Tyler William Thomas

PhD Student and GAANN Fellow, University of North Carolina
at Charlotte, College of Computing and Informatics

Tyler William Thomas

GAANN Fellow


University of North Carolina at Charlotte
  • Began PhD Program in Computing and Information Systems (Fall 2013)
  • Bachelor of Arts (Summa Cum Laude) (Spring 2013)
  • Research Assistantship (Spring 2013 - Fall 2014)
  • GAANN Fellowship (Fall 2014 - Present)
  • Graduate GPA 4.0/4.0
  • Undergraduate GPA 3.949/4.0


University of North Carolina at Charlotte
  • Teaching Assistant for Web Application Development (Fall 2015, Spring 2015, Fall 2014, Fall 2012)
  • Teaching Assistant for Secure Web Apps (Spring 2013)

Research Interests

Tyler Thomas conducts research in the area of usable security and privacy. Most of this research is focused on novel mechanisms for securing and restricting data. However, these mechanisms must do so in a way which does not present a heavy burden on the users of information systems.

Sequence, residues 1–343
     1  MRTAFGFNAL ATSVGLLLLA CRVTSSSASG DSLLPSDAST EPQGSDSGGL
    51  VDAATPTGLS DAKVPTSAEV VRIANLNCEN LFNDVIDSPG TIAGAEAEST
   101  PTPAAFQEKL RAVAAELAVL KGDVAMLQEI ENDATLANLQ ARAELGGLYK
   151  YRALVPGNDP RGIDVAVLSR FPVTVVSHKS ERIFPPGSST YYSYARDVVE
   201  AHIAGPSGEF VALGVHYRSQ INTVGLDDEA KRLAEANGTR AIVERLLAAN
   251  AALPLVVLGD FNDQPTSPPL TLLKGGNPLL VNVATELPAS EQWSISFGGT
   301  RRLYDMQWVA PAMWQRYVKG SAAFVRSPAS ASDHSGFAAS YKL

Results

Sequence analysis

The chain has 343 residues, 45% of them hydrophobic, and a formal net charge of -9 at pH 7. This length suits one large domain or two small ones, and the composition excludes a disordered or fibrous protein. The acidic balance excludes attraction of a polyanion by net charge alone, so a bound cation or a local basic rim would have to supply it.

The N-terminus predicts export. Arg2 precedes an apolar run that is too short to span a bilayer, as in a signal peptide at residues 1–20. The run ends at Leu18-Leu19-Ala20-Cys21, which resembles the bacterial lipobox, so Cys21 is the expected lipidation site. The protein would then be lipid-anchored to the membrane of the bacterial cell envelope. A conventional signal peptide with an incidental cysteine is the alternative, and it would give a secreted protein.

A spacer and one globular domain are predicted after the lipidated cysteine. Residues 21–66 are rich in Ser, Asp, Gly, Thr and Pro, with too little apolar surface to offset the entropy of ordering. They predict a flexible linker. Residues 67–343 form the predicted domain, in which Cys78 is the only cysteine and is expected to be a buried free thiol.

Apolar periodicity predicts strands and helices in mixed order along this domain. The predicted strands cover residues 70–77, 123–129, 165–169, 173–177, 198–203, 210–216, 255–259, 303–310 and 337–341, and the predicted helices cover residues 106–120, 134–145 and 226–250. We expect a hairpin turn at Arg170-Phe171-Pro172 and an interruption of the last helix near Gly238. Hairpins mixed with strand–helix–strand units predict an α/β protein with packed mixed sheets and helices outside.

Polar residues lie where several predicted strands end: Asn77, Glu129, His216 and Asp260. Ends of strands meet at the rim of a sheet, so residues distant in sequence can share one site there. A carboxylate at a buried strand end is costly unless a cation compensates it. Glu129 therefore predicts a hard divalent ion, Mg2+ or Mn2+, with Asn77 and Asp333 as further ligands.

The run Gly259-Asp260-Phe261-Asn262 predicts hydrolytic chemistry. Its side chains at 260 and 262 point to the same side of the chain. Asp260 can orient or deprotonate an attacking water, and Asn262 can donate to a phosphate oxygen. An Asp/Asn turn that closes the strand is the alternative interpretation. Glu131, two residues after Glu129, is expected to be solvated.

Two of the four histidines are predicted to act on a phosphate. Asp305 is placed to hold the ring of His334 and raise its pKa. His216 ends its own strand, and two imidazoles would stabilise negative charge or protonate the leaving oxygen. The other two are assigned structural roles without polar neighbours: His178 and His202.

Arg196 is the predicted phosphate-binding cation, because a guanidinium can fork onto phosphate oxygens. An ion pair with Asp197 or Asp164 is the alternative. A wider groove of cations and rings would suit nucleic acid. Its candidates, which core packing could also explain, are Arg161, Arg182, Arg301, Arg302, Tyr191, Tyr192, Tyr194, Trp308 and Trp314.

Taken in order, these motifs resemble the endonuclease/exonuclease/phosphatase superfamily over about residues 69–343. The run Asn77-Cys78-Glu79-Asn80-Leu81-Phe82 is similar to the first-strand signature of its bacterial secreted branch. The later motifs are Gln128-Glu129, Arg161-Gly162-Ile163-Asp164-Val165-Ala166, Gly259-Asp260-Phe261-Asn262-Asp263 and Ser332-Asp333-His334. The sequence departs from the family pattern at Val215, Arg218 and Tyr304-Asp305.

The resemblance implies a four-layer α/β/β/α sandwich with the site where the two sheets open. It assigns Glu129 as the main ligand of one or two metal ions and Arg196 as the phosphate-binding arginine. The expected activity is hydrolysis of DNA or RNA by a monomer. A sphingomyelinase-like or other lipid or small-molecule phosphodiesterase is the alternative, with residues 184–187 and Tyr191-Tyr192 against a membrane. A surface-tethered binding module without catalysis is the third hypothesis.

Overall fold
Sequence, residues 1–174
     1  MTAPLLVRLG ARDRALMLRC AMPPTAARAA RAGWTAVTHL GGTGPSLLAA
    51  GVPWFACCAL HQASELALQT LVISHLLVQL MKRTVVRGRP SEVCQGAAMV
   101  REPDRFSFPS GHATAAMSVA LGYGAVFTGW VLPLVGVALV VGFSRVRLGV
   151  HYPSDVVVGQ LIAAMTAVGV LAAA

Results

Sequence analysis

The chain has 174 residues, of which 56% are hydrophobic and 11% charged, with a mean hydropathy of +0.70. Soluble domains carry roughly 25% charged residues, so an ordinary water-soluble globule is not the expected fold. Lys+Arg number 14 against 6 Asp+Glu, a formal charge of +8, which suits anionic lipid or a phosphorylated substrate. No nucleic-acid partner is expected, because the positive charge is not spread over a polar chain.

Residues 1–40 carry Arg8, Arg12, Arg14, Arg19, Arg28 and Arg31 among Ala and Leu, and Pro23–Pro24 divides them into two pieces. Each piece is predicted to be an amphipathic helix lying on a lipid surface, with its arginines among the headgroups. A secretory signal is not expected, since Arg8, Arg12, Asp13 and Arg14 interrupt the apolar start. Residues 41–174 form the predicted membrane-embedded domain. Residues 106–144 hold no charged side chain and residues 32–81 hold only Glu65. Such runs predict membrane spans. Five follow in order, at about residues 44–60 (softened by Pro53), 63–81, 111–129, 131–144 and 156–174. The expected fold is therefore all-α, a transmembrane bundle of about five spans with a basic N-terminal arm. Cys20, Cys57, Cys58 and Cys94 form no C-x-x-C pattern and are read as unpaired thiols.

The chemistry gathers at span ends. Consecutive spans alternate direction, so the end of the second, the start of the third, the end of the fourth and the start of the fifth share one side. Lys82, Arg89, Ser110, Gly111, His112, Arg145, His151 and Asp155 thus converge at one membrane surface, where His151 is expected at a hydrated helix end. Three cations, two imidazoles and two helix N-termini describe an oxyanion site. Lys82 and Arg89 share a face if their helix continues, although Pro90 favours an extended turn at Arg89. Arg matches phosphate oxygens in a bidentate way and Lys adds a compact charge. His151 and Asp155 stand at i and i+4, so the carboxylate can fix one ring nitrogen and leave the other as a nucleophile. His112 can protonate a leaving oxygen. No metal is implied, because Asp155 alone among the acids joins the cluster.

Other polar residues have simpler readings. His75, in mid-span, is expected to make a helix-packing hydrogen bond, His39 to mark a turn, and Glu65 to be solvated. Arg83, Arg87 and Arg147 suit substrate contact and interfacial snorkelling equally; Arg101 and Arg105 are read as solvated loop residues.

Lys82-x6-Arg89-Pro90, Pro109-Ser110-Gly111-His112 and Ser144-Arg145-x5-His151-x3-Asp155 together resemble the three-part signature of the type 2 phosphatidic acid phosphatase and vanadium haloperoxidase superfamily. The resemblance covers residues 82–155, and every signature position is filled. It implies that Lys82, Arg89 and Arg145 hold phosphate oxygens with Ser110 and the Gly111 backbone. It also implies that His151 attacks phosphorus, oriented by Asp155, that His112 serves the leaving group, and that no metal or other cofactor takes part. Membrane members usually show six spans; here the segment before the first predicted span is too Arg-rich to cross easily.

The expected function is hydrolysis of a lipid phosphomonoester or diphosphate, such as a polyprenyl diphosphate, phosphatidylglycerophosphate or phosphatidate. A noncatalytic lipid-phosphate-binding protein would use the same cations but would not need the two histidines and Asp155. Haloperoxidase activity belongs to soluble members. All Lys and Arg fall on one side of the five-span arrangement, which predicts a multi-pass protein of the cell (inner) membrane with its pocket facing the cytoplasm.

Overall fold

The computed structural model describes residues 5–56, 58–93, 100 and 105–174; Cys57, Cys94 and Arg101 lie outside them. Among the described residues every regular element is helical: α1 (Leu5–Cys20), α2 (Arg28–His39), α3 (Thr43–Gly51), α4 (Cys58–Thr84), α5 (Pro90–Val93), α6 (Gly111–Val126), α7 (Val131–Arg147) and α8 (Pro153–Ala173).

Research/Teaching Group Affiliations

  • GAANN Fellows (Fall 2014 - Present)
  • Hexarity Founder and President (Fall 2014 - Present)
  • Interact Vice President (Fall 2013 - Fall 2014)


Tyler Thomas's passion for information security started at a very young age. When he was eight years old, he altered the ram of his Sony Playstation console with a device called a Gameshark in order to create game cheats which were not developed with the games. When he was a preteen, friends and family began to come to him for help with their computers and electronics. When he reached high school, he dual enrolled in college IT courses, became A+ certified, and founded a small IT services company. He began his undergraduate degree at UNC Charlotte in 2009 and participated in a graduate school early entry program. In 2013, he graduated Summa Cum Laude from his undergraduate program, and dual enrolled in a PhD program as he finished his masters degree. He completed his masters degree in May 2015 and continues to work towards his PhD. His research involves the use of novel tools and techniques to help software developers detect security programs during program development. His research advisor is Dr. Heather Lipford.